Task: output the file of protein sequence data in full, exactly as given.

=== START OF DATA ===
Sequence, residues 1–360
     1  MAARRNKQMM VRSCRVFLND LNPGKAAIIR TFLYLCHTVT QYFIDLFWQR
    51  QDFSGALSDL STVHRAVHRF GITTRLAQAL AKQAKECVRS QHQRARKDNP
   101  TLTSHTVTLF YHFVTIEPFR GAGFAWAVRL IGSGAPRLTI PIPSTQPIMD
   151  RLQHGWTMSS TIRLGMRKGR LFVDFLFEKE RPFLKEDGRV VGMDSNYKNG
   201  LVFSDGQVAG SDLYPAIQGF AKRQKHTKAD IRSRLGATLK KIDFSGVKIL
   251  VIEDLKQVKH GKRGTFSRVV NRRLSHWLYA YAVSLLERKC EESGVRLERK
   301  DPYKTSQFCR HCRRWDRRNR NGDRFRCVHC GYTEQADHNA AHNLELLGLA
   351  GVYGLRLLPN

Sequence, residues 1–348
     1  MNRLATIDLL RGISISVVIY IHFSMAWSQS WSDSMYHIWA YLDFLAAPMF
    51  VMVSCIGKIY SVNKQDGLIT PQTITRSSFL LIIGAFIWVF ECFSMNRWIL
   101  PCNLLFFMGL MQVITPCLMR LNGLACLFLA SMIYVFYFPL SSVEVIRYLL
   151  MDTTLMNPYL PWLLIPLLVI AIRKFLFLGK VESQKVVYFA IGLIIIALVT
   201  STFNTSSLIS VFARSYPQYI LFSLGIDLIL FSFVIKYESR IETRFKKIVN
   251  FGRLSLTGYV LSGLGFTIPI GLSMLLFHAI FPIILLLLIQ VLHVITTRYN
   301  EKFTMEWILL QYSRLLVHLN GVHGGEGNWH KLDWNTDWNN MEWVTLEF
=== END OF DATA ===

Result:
Sequence, residues 1–360
     1  MAARRNKQMM VRSCRVFLND LNPGKAAIIR TFLYLCHTVT QYFIDLFWQR
    51  QDFSGALSDL STVHRAVHRF GITTRLAQAL AKQAKECVRS QHQRARKDNP
   101  TLTSHTVTLF YHFVTIEPFR GAGFAWAVRL IGSGAPRLTI PIPSTQPIMD
   151  RLQHGWTMSS TIRLGMRKGR LFVDFLFEKE RPFLKEDGRV VGMDSNYKNG
   201  LVFSDGQVAG SDLYPAIQGF AKRQKHTKAD IRSRLGATLK KIDFSGVKIL
   251  VIEDLKQVKH GKRGTFSRVV NRRLSHWLYA YAVSLLERKC EESGVRLERK
   301  DPYKTSQFCR HCRRWDRRNR NGDRFRCVHC GYTEQADHNA AHNLELLGLA
   351  GVYGLRLLPN

Sequence, residues 1–348
     1  MNRLATIDLL RGISISVVIY IHFSMAWSQS WSDSMYHIWA YLDFLAAPMF
    51  VMVSCIGKIY SVNKQDGLIT PQTITRSSFL LIIGAFIWVF ECFSMNRWIL
   101  PCNLLFFMGL MQVITPCLMR LNGLACLFLA SMIYVFYFPL SSVEVIRYLL
   151  MDTTLMNPYL PWLLIPLLVI AIRKFLFLGK VESQKVVYFA IGLIIIALVT
   201  STFNTSSLIS VFARSYPQYI LFSLGIDLIL FSFVIKYESR IETRFKKIVN
   251  FGRLSLTGYV LSGLGFTIPI GLSMLLFHAI FPIILLLLIQ VLHVITTRYN
   301  EKFTMEWILL QYSRLLVHLN GVHGGEGNWH KLDWNTDWNN MEWVTLEF